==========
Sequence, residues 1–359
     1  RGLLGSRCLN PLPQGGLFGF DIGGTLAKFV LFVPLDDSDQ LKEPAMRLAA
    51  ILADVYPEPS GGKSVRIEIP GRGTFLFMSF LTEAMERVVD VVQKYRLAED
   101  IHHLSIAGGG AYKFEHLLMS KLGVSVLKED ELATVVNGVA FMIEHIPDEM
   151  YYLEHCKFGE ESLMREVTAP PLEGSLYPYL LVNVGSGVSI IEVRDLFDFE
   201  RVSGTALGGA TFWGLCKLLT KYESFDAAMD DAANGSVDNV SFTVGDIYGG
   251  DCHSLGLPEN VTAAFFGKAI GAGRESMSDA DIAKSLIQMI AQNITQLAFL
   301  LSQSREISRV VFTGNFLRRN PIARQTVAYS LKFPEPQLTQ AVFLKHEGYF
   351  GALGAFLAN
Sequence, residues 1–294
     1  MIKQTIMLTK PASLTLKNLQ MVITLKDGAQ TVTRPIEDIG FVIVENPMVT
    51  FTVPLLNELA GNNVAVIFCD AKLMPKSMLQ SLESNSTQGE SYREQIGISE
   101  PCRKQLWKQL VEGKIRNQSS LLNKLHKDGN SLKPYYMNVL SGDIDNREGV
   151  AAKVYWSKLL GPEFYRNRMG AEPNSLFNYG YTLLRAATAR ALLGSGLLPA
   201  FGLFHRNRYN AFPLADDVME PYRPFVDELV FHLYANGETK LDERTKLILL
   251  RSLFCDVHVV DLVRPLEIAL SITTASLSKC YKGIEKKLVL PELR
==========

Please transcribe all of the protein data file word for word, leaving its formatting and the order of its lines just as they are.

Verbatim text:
Sequence, residues 1–359
     1  RGLLGSRCLN PLPQGGLFGF DIGGTLAKFV LFVPLDDSDQ LKEPAMRLAA
    51  ILADVYPEPS GGKSVRIEIP GRGTFLFMSF LTEAMERVVD VVQKYRLAED
   101  IHHLSIAGGG AYKFEHLLMS KLGVSVLKED ELATVVNGVA FMIEHIPDEM
   151  YYLEHCKFGE ESLMREVTAP PLEGSLYPYL LVNVGSGVSI IEVRDLFDFE
   201  RVSGTALGGA TFWGLCKLLT KYESFDAAMD DAANGSVDNV SFTVGDIYGG
   251  DCHSLGLPEN VTAAFFGKAI GAGRESMSDA DIAKSLIQMI AQNITQLAFL
   301  LSQSREISRV VFTGNFLRRN PIARQTVAYS LKFPEPQLTQ AVFLKHEGYF
   351  GALGAFLAN
Sequence, residues 1–294
     1  MIKQTIMLTK PASLTLKNLQ MVITLKDGAQ TVTRPIEDIG FVIVENPMVT
    51  FTVPLLNELA GNNVAVIFCD AKLMPKSMLQ SLESNSTQGE SYREQIGISE
   101  PCRKQLWKQL VEGKIRNQSS LLNKLHKDGN SLKPYYMNVL SGDIDNREGV
   151  AAKVYWSKLL GPEFYRNRMG AEPNSLFNYG YTLLRAATAR ALLGSGLLPA
   201  FGLFHRNRYN AFPLADDVME PYRPFVDELV FHLYANGETK LDERTKLILL
   251  RSLFCDVHVV DLVRPLEIAL SITTASLSKC YKGIEKKLVL PELR